“In that one and the same event, there is the sign of sin’s utter depravity and the seal of divine forgiveness. From that point on, no man can look upon a crucifix and say that sin is not serious, nor can he ever say that it cannot be forgiven. By the way He suffered, He revealed the reality of sin; by the way He bore it, He shows His mercy toward the sinner.” (Archbishop Fulton Sheen)
“Besides these incomparable blessings, we have also received another of the highest importance; namely, that in the Passion alone we have the most illustrious example of the exercise of every virtue. For He so displayed patience, humility, exalted charity, meekness, obedience and unshaken firmness of soul, not only in suffering for justice’ sake, but also in meeting death, that we may truly say on the day of His Passion alone, our Savior offered, in His own Person, a living exemplification of all the moral precepts inculcated during the entire time of His public ministry.” (Council of Trent)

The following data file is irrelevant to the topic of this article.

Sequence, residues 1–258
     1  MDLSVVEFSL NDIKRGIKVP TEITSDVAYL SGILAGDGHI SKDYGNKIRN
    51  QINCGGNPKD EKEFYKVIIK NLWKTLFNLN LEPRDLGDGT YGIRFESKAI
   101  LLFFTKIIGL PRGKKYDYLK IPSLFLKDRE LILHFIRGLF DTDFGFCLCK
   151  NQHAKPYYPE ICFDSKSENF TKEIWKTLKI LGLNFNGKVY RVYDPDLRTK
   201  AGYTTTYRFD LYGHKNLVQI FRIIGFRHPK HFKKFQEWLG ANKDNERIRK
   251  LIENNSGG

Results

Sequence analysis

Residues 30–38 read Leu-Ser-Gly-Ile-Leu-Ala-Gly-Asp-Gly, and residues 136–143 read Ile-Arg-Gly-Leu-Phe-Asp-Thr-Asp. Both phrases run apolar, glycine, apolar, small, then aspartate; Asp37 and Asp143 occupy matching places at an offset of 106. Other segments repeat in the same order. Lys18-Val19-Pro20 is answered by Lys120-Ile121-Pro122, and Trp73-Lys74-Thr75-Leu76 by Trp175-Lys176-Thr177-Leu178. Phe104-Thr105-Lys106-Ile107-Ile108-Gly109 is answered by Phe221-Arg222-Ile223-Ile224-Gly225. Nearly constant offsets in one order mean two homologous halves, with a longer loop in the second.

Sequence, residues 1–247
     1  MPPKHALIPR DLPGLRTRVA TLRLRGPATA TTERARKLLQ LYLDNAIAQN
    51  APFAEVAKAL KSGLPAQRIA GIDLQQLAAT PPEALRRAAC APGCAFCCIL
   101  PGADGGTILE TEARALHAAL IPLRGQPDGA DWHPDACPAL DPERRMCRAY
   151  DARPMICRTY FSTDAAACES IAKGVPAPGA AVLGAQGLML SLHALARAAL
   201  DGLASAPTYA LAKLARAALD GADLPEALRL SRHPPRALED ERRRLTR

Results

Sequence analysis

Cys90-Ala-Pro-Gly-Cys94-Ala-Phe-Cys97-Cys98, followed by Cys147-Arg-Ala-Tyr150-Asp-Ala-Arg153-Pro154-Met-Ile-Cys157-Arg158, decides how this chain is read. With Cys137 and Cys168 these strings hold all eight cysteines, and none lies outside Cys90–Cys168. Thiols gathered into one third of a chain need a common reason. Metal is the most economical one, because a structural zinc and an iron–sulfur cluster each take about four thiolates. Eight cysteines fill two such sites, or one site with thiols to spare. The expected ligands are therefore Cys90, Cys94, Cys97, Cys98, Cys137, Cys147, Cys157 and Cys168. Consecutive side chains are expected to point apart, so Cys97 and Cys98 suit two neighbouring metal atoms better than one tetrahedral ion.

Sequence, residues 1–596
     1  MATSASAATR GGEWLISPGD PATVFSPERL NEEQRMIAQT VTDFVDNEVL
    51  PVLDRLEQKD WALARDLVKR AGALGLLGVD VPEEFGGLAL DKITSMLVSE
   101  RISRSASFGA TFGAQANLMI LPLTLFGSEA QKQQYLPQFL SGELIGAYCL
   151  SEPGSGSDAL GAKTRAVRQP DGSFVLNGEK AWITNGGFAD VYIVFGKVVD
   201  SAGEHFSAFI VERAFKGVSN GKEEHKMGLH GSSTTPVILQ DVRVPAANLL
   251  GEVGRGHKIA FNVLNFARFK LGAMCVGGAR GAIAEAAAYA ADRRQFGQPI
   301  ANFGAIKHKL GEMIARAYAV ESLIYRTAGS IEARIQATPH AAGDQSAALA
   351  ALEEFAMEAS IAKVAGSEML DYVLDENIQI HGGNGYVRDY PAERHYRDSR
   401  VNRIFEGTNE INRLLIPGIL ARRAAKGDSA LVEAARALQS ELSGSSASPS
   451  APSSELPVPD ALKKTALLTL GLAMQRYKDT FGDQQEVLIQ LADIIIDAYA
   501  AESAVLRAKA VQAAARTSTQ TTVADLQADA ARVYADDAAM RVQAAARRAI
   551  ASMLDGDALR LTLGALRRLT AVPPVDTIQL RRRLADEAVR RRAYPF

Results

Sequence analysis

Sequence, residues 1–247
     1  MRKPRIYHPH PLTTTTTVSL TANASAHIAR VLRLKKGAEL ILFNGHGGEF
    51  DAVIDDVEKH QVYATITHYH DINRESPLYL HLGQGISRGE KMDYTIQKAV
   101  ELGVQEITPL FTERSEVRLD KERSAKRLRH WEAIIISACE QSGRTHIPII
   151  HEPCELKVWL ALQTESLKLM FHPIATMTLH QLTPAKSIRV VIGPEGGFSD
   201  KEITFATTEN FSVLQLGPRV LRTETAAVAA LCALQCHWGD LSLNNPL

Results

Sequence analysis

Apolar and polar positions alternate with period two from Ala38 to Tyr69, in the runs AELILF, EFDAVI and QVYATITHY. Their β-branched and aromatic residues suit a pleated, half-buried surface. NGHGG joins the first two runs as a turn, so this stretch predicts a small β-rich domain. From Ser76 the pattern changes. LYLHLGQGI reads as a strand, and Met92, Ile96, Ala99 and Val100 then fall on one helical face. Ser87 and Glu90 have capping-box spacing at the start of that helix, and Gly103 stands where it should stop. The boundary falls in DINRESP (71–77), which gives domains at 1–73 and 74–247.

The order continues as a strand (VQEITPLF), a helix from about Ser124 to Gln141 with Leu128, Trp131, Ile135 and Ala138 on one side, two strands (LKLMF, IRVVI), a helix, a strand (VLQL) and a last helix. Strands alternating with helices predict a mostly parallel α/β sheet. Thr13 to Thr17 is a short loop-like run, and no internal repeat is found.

“From what We have already explained, Venerable Brethren, it is perfectly clear how much modern writers are wanting in the genuine and true liturgical spirit who, deceived by the illusion of a higher mysticism, dare to assert that attention should be paid not to the historic Christ but to a ‘pneumatic’ or glorified Christ. They do not hesitate to assert that a change has taken place in the piety of the faithful by dethroning, as it were, Christ from His position; since they say that the glorified Christ, who liveth and reigneth forever and sitteth at the right hand of the Father, has been overshadowed and in His place has been substituted that Christ who lived on earth. For this reason, some have gone so far as to want to remove from the churches images of the divine Redeemer suffering on the cross. But these false statements are completely opposed to the solid doctrine handed down by tradition.” (Pope Pius XII, “Mediator Dei”, 1947)